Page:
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Posted at 10:02 AM 15 February 2012

This post comes a little late, since this article published a week ago, and an earlier version of it many months ago. But anyways, here is the final version of China Daily’s profile on me. It’s fitting for this to appear on Tumblr since that’s how the reporter Amanda and I first “met,” and over the topic of chicken fried steak no less.

Dear Amanda, thanks for all that work and interest! You’re awesome, and I’m truly grateful for it!

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Posted at 4:38 PM 12 February 2012

Stumbling Upon China’s Great Symphonist

Through a labored series of connections and some haphazard scheduling, I recently met with a Chinese symphonic composer, Wang Xilin. Admittedly, I hadn’t done my research until the day of meeting him, and when I did…well, go read his wikipedia page yourself. That plus a few Youtube searches, and I was pretty much floored I’d stumbled upon the opportunity to meet this guy, China’s national treasure.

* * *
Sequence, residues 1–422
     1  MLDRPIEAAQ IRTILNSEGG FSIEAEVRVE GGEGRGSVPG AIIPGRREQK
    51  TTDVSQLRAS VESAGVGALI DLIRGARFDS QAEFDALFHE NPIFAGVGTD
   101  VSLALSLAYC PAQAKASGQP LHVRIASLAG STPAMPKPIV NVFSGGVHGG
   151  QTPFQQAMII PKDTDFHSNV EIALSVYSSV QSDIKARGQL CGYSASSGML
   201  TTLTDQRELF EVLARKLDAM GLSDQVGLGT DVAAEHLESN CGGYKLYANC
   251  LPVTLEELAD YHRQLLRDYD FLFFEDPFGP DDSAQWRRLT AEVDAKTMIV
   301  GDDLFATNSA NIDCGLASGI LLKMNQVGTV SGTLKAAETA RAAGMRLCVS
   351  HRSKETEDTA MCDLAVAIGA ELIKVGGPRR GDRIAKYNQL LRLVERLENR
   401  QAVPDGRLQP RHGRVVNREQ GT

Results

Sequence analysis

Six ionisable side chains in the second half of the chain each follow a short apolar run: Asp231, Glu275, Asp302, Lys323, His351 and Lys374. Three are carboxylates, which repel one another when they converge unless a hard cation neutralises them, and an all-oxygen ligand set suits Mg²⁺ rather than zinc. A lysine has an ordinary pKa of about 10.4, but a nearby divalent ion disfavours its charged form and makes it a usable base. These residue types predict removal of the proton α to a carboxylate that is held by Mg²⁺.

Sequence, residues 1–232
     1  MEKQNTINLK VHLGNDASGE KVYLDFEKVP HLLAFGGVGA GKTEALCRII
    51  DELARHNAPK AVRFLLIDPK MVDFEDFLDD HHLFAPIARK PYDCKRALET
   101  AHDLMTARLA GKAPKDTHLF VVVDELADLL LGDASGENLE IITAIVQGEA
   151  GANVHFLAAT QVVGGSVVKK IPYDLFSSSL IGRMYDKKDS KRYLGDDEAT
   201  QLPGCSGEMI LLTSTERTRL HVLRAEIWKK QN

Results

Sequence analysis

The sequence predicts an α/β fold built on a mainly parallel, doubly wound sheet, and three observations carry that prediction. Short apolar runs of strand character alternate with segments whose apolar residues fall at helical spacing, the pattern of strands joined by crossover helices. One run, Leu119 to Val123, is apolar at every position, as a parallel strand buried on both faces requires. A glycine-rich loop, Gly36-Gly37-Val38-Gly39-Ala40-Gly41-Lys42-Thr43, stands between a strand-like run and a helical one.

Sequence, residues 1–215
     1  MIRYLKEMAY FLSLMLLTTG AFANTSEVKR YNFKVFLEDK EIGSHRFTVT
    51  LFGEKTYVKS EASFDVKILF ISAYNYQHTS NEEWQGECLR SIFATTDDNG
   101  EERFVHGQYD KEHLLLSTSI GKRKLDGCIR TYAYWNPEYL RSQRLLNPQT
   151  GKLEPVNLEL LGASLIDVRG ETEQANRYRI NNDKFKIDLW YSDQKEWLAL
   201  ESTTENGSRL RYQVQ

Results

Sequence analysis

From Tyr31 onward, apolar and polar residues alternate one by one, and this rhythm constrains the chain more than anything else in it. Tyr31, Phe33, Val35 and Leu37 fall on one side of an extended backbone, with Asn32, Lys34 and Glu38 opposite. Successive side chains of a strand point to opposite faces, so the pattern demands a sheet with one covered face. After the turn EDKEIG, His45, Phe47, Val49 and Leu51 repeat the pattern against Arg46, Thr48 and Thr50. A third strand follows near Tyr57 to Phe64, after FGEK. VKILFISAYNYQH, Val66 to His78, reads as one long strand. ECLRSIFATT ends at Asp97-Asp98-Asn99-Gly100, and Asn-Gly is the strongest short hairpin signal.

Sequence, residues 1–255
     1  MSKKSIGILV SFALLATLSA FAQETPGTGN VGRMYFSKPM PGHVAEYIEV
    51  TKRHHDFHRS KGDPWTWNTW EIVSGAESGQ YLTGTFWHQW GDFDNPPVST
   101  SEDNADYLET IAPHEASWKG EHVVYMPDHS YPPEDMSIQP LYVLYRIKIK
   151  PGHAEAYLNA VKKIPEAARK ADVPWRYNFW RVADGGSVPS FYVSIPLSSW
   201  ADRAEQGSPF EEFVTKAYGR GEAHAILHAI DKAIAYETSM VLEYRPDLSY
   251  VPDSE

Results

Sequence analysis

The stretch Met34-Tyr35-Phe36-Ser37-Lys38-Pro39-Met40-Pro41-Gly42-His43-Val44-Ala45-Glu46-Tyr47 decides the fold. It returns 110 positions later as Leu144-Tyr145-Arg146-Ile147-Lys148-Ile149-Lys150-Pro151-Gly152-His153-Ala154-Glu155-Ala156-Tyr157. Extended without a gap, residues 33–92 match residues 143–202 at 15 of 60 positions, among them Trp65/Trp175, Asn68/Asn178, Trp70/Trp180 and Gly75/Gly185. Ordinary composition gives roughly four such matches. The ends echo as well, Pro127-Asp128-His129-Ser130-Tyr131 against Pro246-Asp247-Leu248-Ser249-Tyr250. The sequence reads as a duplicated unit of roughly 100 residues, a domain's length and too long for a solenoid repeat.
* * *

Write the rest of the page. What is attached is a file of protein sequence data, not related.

While his body of work is impressive and very enviable, I was most struck by the story of his life. For fourteen years he went through absolute hell (really, read the bio), enough that even before meeting him, I’d heard rumors that he was well…crazy, you know, stereotypical-composer-crazy. It’s hard to imagine that through all those years of agony (something my first violin teacher, Bingsun Yang, had to suffer through as well), all he had to cling to was his love for music. You can hear the pain of his experiences too in his music, and you can hear a distinct lack of it in mine.

This is where he lives. Mr. Wang apologized profusely for the apartment, but I couldn’t help being so amazed and impressed that someone this famous, successful, and rich would still choose to live here. Then again, when you think about what came before in his life, it’s easy to see why this would seem totally sufficient.